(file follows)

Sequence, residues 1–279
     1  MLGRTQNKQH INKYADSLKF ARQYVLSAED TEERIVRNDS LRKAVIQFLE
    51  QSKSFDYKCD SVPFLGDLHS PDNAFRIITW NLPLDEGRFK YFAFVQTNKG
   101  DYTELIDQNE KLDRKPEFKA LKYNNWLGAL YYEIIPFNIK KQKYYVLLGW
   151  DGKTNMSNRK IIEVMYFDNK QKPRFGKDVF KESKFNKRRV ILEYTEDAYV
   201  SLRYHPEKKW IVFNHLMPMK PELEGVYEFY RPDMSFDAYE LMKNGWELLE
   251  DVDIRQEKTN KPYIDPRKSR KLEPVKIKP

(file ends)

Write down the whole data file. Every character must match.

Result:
Sequence, residues 1–279
     1  MLGRTQNKQH INKYADSLKF ARQYVLSAED TEERIVRNDS LRKAVIQFLE
    51  QSKSFDYKCD SVPFLGDLHS PDNAFRIITW NLPLDEGRFK YFAFVQTNKG
   101  DYTELIDQNE KLDRKPEFKA LKYNNWLGAL YYEIIPFNIK KQKYYVLLGW
   151  DGKTNMSNRK IIEVMYFDNK QKPRFGKDVF KESKFNKRRV ILEYTEDAYV
   201  SLRYHPEKKW IVFNHLMPMK PELEGVYEFY RPDMSFDAYE LMKNGWELLE
   251  DVDIRQEKTN KPYIDPRKSR KLEPVKIKP